But as the reader soon discovers, Mattie is herself an extraordinarily gritty character. She refuses to be bullied and when challenged threatens lawsuits left and right. It’s not long before she’s both impressed and irritated the adults in the novel with her “saucy” and demanding behavior. Accompanying Cogburn into outlaw territory against his will, she keeps up during rough travels, survives firefights unfazed, and in the novel’s climatic scene, shoots her father’s killer in the head.
They don’t come much grittier than Mattie Ross. But that doesn’t mean she’s a nice person. The reader notices she’s quick to call people “trash,” and she acknowledges having a “mean streak.” Her motive is nothing more noble than vengeance. And she’s rash. But for luck, she would have been killed, leaving her ailing mother in the lurch. As it is, she suffers a snake bite, loses an arm, and nearly dies. The novel ends twenty-five years later, where we find Mattie a successful banker but hard-hearted. Uninterested in marriage, she admits she loves the Church and money and little else.
The novel makes the point that a “gritty” personality may have both positive and negative attributes, whereas Duckworth’s book focuses on the benefits.
To better appreciate “grit,” it might help to think of it as a mental strategy (or set of decision-making rules) that includes a high threshold for pain or a long time limit before accepting failure and selecting a new goal.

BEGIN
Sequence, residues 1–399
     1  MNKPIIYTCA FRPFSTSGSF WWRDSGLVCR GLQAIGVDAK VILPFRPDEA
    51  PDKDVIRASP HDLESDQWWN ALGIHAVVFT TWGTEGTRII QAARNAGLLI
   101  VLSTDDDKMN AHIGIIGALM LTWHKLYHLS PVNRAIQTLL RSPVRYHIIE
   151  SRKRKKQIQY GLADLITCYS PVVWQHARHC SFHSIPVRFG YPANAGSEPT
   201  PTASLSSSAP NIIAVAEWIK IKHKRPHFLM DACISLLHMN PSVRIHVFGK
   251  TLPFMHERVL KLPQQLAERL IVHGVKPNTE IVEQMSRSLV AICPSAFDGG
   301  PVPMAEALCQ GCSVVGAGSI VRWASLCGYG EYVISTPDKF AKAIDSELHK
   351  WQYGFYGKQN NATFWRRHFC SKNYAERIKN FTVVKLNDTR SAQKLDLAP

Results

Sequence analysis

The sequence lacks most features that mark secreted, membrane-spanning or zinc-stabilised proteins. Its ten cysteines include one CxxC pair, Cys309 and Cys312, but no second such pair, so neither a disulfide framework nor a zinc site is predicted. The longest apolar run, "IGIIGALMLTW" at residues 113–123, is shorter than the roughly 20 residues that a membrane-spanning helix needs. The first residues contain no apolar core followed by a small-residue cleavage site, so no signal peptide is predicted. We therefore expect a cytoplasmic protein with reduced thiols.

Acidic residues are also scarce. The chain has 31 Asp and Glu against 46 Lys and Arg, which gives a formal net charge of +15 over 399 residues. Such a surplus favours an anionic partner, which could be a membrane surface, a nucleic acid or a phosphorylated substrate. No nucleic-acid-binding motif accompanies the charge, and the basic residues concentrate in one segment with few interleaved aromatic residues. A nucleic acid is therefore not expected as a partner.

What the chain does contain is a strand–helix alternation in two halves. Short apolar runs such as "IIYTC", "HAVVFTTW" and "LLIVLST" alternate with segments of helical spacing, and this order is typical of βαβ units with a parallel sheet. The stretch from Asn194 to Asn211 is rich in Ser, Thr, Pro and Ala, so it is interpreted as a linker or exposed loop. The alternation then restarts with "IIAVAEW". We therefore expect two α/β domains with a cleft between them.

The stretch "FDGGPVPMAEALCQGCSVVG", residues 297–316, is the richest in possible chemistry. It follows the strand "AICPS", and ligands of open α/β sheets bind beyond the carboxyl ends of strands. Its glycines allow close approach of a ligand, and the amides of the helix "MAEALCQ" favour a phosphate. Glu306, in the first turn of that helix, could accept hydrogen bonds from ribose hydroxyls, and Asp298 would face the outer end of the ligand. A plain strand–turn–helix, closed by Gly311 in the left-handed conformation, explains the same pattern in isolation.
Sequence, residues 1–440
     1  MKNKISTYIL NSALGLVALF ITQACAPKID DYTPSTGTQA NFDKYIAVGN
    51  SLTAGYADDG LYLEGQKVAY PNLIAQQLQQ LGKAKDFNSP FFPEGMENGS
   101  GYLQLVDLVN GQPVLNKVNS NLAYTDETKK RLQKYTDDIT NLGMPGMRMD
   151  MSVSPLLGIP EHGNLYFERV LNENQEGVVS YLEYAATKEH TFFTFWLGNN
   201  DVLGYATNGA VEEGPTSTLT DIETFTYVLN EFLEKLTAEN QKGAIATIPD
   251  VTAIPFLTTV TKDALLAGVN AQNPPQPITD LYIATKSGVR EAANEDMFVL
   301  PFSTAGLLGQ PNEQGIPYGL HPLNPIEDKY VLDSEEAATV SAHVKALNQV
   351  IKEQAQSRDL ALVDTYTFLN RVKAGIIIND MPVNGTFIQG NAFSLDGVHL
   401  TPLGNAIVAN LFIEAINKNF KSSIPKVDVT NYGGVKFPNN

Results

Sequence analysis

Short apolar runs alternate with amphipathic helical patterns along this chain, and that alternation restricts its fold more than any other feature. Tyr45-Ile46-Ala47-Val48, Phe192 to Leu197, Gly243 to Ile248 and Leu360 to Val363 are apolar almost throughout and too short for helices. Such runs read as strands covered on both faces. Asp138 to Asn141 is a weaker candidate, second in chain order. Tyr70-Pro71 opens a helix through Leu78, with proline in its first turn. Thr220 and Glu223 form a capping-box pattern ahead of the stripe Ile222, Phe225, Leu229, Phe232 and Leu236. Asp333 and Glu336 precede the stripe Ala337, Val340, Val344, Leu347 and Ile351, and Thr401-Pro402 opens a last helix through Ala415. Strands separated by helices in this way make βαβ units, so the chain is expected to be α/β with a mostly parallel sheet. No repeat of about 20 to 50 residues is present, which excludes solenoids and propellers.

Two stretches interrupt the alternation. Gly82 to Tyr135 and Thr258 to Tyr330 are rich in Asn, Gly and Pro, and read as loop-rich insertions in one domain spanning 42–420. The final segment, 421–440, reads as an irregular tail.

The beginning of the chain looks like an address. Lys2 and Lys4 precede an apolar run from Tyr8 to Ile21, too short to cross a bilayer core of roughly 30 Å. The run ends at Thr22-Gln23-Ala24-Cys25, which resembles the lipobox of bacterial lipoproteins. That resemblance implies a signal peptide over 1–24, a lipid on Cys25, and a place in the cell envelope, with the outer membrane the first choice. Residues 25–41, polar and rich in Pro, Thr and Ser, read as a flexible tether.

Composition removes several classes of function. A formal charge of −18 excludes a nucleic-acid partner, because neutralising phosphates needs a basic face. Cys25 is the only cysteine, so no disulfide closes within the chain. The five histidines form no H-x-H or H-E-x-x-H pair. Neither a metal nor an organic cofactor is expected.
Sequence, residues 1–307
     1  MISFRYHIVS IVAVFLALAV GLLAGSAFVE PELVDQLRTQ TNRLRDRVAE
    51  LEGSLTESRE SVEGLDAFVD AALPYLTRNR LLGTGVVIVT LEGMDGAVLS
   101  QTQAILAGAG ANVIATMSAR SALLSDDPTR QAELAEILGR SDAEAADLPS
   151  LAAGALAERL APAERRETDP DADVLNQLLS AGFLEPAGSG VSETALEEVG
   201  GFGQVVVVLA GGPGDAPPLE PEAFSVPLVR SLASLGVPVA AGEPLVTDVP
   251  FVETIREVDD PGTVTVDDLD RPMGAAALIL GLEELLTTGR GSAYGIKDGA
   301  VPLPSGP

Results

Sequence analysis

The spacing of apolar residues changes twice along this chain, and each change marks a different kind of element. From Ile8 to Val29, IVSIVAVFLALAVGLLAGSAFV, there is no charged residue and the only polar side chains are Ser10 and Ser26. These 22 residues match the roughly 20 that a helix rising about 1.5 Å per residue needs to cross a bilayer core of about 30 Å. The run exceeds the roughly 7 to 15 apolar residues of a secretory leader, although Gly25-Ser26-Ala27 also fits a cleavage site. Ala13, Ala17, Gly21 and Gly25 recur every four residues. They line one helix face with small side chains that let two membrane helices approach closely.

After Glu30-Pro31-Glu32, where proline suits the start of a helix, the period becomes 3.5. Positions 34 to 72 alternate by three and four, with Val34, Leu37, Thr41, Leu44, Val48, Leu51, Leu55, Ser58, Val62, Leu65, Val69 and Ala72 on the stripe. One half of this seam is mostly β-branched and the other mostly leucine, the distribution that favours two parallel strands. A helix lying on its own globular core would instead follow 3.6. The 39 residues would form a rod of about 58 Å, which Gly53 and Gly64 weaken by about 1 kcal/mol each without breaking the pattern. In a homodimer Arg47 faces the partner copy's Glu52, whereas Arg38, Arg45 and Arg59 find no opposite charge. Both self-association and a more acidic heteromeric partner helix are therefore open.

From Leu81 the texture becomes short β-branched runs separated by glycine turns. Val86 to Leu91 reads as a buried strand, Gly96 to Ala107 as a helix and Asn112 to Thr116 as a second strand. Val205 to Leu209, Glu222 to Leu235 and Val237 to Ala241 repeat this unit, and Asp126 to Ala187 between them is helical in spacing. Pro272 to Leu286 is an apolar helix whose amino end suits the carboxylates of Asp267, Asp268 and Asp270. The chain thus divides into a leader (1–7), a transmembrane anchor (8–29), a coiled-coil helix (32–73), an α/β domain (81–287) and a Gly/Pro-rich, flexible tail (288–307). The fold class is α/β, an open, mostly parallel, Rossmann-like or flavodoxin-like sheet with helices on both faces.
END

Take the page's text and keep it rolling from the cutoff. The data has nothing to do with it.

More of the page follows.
Consider some alternative decision-making strategies. “Sensitive” might describe someone who has a low threshold for pain or is quick to give up. Yet sometimes quitting is the right answer, as Duckworth acknowledges in the concluding chapter of her book:
It isn’t hard to think of situations in which giving up is the best course of action. You may recall times you stuck with an idea, sport, job, or romantic partner longer than you should have.
Unfortunately, you can’t really implement a decision-making rule to “never give up -- except when it’s the best course of action.” We could consider the question, what is the optimal time limit to wait before quitting? But the answer would depend on the situation.
A “sensitive” person would likely have a lower threshold for boredom and might therefore be inclined to indulge in a “taste for novelty,” which Duckworth and other grit purists tend to view as suspect. But consider that ancient Spartans showed a lot of grit but produced little culture – rather, it is the other regions of ancient Greece, like free-wheeling Athens, whose art, literature, and philosophy we treasure today. Gritty people might be less innovative.
Humans appear to have evolved with a distribution of personality types: some people stay focused on long-term goals and never deviate – while others quit easily, seek novelty, are always trying something new. Which strategy succeeds will depend on the environment. And this is why, I suspect, that statistical research has not supported grit as a predictive variable of success. In the 2007 study noted above, grit explained only 4% of the variance in successful outcomes. In a 2014 study, the authors concluded that grit added no meaningful explanatory power to the prediction of academic achievement beyond traditional personality factors such as conscientiousness. We can’t reject the null hypothesis that everyone has grit, and it’s really talent that leads to success.
Duckworth has produced an engaging book, and she’s helping the field of psychology focus on new and interesting variables. To take her work to the next level, she might think about gritty personality attributes in a broader context of alternative decision-making strategies. Also, it would help us more deeply understand the subject to read stories of successful people who aren’t that gritty and witness gritty people fail, too.
Posted on 25 July 2016
KENNETH POSNER is a financial executive, ultra-runner, and writer who blogs at http://thelongbrownpath.com/.